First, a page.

A blank screen inside another screen. One after another, audience members filed down the center aisle of the United Palace Theatre on Broadway and 175th Street in Upper Manhattan to snap cell-phone pictures of the screen and the stage below, which was filled with empty folding chairs that would soon accommodate a 50-piece orchestra. In a couple of hours they would witness the American premiere of Paul Thomas Anderson’s 2007 masterpiece There Will Be Blood featuring live accompaniment of Jonny Greenwood’s remarkable score, with Greenwood in attendance.
Earlier that day, tech freaks lined up at Manhattan’s flagship Apple Store to snatch newfangled phones and ogle over screen size, though this building, a spectacular neo-Assyrian palace completed in 1930, seemed to house more phone addicts than anywhere on the island. The wait time before an orchestral performance — the settling of attendees into a seemingly never-ending expanse of seats, the tuning and warming of strings that were soon to be thrashed and plucked beyond recognition — seemed to gnaw at the crowd. They’d stood in a line that stretched three full blocks, surrounded by neon from cheap takeout restaurants and locals wondering why the crosswalks were suddenly crushed with millennials. Those seeking instant gratification weren’t in quite the right place. The focal point of Friday nightlife was miles away. The landscape onscreen would be desolate and unforgiving. So in the two hours before showtime, they snapped pictures of folding chairs. I even did it, too.
For an evening, the bleeding edge of technology collided with Anderson’s meditation on blood, energy drainage, and the corrosive effects of fortunes built on thievery and broken family bonds. In two weeks, Anderson’s adaptation of Thomas Pynchon’s Inherent Vice, also featuring a score from Greenwood, will premiere at the New York Film Festival, hosted by the Film Society of Lincoln Center. (In Pynchon’s own neighborhood.) On the same night of the Blood screening, the Avery Fisher Hall at Lincoln Center hosted a screening of Charlie Chaplin’s Modern Times, accompanied by the New York Philharmonic. Chaplin, who composed the score for several of his films, received an Oscar for scoring 1952’s Limelight, despite his modest admission that he often “la-la’d” the notes he wanted while his arrangers did the rest. Greenwood, whose score for Blood was heralded the millisecond audiences heard the dissonant chord of 12 tones that opens the film, was famously and wrongly disqualified for Oscar consideration for Blood, based on Anderson’s repurposing of portions of Greenwood’s previously existing compositions, primarily “Popcorn Superhet Receiver.” A score chock-full of woodblock for The Master in 2012 was also overlooked, and who knows what prospects he may have with Inherent Vice, based on a book with musical references that skew more Country Joe and the Fish than Avery Fisher Hall.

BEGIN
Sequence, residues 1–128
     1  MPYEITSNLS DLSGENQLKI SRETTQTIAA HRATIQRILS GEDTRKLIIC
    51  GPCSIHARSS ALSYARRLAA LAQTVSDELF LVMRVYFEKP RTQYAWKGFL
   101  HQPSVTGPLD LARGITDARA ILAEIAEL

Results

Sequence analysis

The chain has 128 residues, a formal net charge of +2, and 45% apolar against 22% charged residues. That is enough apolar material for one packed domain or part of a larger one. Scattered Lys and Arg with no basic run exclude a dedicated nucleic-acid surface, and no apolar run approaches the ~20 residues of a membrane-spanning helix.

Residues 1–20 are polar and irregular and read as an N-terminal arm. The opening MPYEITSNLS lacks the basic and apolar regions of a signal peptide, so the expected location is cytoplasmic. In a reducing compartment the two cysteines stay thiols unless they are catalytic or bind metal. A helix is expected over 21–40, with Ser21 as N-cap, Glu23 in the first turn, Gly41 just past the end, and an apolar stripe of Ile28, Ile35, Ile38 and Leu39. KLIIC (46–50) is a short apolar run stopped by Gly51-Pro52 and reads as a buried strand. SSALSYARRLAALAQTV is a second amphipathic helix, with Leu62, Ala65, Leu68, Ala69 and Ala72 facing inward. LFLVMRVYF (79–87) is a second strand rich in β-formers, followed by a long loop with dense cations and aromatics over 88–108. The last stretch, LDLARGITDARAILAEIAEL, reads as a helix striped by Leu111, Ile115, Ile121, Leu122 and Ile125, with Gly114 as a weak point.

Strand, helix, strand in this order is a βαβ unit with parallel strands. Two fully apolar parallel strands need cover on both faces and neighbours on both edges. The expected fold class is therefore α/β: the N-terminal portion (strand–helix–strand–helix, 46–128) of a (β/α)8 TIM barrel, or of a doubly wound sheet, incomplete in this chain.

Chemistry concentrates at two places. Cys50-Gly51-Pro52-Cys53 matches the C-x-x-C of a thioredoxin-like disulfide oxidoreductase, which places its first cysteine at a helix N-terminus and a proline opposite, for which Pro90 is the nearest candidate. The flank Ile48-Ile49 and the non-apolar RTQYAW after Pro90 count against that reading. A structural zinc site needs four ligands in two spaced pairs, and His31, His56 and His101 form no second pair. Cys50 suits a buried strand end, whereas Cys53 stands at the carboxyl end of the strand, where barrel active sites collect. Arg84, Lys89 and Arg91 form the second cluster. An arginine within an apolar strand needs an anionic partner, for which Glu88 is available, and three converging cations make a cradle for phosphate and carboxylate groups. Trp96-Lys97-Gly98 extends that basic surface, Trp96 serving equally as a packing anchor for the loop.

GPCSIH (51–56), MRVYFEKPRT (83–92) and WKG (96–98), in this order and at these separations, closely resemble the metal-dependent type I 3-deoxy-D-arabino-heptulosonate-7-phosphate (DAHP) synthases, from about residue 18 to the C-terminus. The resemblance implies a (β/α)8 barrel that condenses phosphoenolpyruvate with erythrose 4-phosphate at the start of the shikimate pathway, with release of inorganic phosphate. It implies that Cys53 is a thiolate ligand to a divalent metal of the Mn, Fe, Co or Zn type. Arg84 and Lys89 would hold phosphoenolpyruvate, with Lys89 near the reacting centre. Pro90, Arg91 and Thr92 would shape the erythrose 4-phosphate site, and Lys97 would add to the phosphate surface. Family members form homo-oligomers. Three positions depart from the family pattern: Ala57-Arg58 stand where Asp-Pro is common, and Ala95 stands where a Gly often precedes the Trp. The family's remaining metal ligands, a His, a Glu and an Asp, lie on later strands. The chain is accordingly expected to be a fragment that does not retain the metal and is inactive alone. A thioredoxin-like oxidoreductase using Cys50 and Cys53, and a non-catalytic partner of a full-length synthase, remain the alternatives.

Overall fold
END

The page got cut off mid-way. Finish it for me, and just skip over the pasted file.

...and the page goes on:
Once bows were raised and the opening Dramamine notes swirled over the Miramax logo, Greenwood’s presence onstage was notably understated. At the helm was conductor Ryan McAdams, who shared top billing with the Wordless Music Orchestra, a New York–based collective doing heroic work recapturing the thrill of moviegoing through a series of live accompaniments in nontraditional venues. It took a moment to spot Greenwood, whose lantern jaw was barely visible from the back row, where he was stationed at the ondes martenot, an early electronic instrument familiar to Radiohead completists for providing the ghostly gloss over “Pyramid Song” and “How to Disappear Completely.” It’s also the instrument that accompanies Daniel Day-Lewis in My Left Foot as he painstakingly paints a portrait with his toes for a neighborhood girl so overcome by his efforts that she immediately returns it. In Blood, the ondes features most prominently in a montage of oil workers hopping off trains, ready to rape the land under the watchful eye of Day-Lewis’s Daniel Plainview, the most contemptuous screen presence in a generation.